Delhi Police’s Crime Branch is planning to name the fathers of over 300 children, who allegedly secured admission in leading private schools under the EWS scam, as well as the school principals, in its chargesheet in the case.
The students allegedly secured admission under the EWS (Economically Weaker Section) category, despite being from well-off families, by submitting fraudulent documents with help from the main accused in the EWS scam.
Investigators are currently recording the statements of all the parents allegedly involved in the scam.
Police have arrested several accused over the scam, including alleged kingpin Punita. The accused used to charge a hefty amount — between Rs 2 lakh and Rs 10 lakh — for each admission, said police sources.
Sources in the Crime Branch told The Indian Express that during questioning, the parents had claimed that they were not aware of the modus-operandi of the accused, who helped them secure admissions for their children.
“The parents were not aware about the fraud part of the admission and now we are mentioning their names in column No.12 (a column of the accused against whom trial cannot proceed),” police sources said. The investigators have not found any concrete evidence against the parents yet, they added.
The investigators are also likely to add the names of principals of several private schools in column no. 12 in the chargesheet.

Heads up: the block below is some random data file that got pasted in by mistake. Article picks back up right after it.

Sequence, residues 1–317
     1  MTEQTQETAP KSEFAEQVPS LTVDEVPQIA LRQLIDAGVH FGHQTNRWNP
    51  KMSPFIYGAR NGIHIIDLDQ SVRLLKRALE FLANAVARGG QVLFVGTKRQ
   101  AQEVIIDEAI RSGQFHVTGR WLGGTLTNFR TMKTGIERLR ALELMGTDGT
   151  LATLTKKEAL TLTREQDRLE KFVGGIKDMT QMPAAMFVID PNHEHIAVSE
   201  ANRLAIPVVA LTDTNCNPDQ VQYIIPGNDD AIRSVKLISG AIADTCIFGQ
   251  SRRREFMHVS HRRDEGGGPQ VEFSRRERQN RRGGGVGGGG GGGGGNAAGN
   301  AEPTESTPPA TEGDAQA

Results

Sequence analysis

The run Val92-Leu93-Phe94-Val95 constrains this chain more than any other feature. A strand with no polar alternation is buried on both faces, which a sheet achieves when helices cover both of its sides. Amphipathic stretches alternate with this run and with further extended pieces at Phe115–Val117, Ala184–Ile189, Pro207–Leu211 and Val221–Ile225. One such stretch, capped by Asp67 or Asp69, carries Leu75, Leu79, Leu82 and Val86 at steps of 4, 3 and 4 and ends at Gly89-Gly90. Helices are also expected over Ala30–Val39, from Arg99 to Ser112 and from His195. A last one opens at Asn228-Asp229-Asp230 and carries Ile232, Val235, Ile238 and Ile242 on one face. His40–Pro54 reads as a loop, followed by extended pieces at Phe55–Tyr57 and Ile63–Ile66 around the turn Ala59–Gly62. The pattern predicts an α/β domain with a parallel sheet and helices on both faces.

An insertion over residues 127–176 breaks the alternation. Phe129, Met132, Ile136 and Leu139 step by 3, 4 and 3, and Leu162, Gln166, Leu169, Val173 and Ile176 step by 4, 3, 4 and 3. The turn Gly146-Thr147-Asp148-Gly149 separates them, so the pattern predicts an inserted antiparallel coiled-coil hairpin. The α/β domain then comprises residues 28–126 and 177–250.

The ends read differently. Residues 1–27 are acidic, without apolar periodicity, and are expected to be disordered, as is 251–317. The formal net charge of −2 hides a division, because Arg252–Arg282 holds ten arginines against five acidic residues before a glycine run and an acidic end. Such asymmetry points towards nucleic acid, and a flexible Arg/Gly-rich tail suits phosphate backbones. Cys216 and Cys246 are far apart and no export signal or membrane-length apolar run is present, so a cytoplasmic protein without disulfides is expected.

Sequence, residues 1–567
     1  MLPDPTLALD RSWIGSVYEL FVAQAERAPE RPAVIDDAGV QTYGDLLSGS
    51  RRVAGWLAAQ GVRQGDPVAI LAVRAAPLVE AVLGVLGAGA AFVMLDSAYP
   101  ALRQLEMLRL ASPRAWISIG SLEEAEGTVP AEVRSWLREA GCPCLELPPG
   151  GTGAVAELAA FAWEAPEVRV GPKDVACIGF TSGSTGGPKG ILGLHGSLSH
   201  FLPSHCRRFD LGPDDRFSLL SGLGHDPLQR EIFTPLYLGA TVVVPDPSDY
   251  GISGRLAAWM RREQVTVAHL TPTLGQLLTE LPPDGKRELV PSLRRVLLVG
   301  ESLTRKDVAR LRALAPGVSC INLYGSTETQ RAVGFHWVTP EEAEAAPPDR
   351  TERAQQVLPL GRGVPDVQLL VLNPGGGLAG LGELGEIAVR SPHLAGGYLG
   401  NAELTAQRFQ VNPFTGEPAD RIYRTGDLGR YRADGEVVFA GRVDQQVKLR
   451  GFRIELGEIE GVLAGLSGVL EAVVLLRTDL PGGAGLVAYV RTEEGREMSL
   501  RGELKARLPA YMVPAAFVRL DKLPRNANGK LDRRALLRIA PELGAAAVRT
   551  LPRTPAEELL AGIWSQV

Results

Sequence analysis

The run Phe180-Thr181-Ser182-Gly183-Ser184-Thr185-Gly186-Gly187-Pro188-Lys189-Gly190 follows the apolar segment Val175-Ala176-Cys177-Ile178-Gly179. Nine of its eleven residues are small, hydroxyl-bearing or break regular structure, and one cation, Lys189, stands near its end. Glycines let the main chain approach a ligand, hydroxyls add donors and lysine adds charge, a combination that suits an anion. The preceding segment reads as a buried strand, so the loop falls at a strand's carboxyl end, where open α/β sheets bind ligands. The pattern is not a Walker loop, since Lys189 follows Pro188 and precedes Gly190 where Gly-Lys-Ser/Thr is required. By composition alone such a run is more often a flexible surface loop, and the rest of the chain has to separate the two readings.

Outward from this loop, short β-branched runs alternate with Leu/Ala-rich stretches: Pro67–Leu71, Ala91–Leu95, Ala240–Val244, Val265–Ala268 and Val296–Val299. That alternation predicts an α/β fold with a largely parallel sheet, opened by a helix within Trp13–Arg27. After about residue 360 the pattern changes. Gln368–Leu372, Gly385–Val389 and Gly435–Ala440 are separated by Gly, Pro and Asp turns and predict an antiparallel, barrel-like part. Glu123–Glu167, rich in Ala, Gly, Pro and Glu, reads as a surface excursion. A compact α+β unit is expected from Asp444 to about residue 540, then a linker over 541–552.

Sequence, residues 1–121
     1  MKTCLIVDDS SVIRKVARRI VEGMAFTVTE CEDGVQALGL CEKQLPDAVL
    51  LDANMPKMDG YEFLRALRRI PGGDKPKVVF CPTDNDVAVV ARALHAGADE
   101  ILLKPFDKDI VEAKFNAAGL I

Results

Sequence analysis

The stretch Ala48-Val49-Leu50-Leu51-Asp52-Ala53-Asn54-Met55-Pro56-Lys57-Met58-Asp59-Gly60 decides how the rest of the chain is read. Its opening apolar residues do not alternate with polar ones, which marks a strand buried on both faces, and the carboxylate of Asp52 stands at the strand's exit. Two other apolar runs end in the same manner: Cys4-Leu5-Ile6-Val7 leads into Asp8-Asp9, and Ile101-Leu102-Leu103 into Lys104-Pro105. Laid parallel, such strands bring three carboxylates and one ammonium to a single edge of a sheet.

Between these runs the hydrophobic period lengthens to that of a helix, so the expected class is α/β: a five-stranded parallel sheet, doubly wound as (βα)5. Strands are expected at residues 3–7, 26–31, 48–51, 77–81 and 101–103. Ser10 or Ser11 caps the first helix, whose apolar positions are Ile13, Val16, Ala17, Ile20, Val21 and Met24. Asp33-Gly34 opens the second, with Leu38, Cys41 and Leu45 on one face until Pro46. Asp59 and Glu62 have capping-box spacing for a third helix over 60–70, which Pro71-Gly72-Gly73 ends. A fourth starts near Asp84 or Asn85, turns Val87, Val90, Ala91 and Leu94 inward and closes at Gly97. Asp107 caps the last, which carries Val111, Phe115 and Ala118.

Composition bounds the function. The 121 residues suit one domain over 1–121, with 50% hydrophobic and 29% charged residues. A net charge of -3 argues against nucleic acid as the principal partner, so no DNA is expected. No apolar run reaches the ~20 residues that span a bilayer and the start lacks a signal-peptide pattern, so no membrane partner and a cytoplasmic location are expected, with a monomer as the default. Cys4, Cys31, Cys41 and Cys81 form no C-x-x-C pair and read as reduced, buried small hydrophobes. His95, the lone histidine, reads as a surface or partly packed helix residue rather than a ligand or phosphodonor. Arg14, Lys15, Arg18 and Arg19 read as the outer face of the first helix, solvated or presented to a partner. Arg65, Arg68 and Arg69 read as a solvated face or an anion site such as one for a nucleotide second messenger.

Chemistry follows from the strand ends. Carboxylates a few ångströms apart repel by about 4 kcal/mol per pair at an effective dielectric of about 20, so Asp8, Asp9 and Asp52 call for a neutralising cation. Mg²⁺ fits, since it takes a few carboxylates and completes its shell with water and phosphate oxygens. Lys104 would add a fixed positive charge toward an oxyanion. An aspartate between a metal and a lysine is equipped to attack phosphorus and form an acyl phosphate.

Principals as well as staff of the private schools, where the accused had helped students secure admission, claimed they had no idea about the scam, said sources.
The Crime Branch is also planning to recommend action against them for allegedly ignoring guidelines and being irresponsible towards the admission process.
“As per the guidelines of the Directorate of Education, the principal and the school admission committee staff had been directed to scrutinise the documents and their content properly and minutely, but they did not discharge their legal and obligatory duty,” police sources said.
During investigation, the Crime Branch sleuths had come across several irregularities which were ignored by the admissions committee of these schools, including some badly-made forged EWS certificates and residential certificates, said sources.
“In one such EWS certificate, they had put a blurred photo and also mentioned that they lived within one km of the school, which seemed improbable. But all this was overlooked by the admission commission,” said police sources.
Police suspect that some members of the admission commission may have signed forged documents to help the accused, claim sources.